This is worse than figuring out Ravel and Debussy, except Rand Paul seems to fit in the second school – government should be limited to protecting its citizens from aggression, theft, breach of contract, and fraud, and no more than that. That’s why he went on the Rachel Maddow show and said the 1964 Civil Rights Act was stupid – sure, people shouldn’t discriminate, but the government has no business telling anyone how to run their business. If some restaurant doesn’t want to serve blacks, then that’s their choice. It’s a bad choice, one he says he’d never make, but to tell them how to run their business takes away their freedom. There’s logic to that, but it’s a cold logic. That position does allow for a whole lot of blatantly racist behavior, with government sanction, if not approval. That may not be how we want this country to be, but Paul’s position is that sometimes you have to tolerate widespread systemic boorish racism, and folks being denied what they think are their rights, if everyone is to be free. There’s the matter of property rights too. That racist’s business is his private property, and that should trump everything else. The government exists to protect private property – no one can take what’s yours. That’s pretty basic.

After that interview on the Maddow show there was a lot of talk about Rand Paul being a racist, which stunned him. He was talking about freedom. Entrenched systemic racism was an unfortunate side effect of freedom, something he hated, but he loved freedom more. He didn’t see how anyone could call him a racist. That made no sense, to him. Libertarianism has nothing to do with racism. You can’t lump the two together. Ravel isn’t Debussy after all.

No, he didn’t mention Ravel or Debussy, but the principle is the same. Don’t confuse what seems so alike, when it isn’t.

People sort of understood that and Rand Paul was off the hook, or at the time he was only the junior senator from Kentucky and not a big gun – but now with his party in disarray and his own star rising, things have changed. Now he has to live through this again, with an embarrassing association:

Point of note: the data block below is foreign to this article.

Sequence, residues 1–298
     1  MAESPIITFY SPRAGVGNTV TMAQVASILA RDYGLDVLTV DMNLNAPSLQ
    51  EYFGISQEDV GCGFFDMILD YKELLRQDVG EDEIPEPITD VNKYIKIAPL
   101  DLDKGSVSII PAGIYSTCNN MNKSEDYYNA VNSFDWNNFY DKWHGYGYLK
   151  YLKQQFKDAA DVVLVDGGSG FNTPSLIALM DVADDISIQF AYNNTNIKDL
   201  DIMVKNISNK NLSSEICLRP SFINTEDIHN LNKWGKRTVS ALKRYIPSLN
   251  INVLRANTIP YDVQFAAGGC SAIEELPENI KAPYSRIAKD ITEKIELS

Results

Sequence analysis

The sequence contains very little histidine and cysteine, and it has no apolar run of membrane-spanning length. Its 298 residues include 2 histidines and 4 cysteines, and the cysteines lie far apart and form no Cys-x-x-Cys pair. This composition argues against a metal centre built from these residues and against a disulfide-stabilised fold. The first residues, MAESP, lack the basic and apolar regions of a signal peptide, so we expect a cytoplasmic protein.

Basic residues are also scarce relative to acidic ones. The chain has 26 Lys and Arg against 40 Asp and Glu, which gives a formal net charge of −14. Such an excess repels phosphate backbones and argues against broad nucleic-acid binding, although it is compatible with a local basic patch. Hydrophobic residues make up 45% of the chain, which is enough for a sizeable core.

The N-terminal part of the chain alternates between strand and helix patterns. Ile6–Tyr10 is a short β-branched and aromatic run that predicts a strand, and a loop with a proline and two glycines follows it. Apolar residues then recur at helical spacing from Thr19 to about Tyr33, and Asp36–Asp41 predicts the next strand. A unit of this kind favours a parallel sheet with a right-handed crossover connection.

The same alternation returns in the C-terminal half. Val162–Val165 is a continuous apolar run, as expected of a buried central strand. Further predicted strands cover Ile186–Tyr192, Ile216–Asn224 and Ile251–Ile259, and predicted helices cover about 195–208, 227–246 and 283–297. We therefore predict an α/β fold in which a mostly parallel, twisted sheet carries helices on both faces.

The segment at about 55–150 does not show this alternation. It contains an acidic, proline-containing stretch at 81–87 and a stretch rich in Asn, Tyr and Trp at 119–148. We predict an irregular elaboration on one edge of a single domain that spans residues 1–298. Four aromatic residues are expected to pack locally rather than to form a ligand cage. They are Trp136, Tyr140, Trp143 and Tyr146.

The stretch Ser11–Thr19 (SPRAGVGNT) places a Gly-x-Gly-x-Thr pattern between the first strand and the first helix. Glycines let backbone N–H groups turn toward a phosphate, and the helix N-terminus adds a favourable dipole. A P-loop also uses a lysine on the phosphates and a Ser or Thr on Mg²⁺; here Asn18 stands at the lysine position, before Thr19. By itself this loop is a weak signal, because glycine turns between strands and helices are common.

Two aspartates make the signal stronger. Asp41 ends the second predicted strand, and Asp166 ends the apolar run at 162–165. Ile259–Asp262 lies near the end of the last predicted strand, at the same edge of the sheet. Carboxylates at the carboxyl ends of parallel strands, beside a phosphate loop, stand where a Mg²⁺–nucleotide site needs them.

An aide to Sen. Rand Paul (R-Ky.) has a history of inflammatory comments about race and the Civil War.

As first reported by the Washington Free Beacon, a conservative online publication, Paul new media staffer Jack Hunter has for years been a provocative talk radio host who called himself the “Southern Avenger.” Before that, he was a member of the League of the South, a group that advocates Southern secession.

“Sen. Paul holds his staff to a standard that includes treating every individual with equal protection and respect, without exception,” spokeswoman Moira Bagley said in a statement.

It’s not clear how close Hunter is to the senator. He serves as Paul’s new media director. According to a recent Washington Monthly article, Hunter has been advising Paul on foreign policy. In addition to his current work for the senator, Hunter helped Paul write a 2011 book, “The Tea Party Goes to Washington.”

Hunter says he hates racism, and that slavery was a bad thing, but there’s a history here:

“Americans aren’t wrong to deplore the millions of Mexicans coming here now,” he wrote in 2007. “A non-white majority America would simply cease to be America for reasons that are as numerous as they are obvious – whether we are supposed to mention them or not.”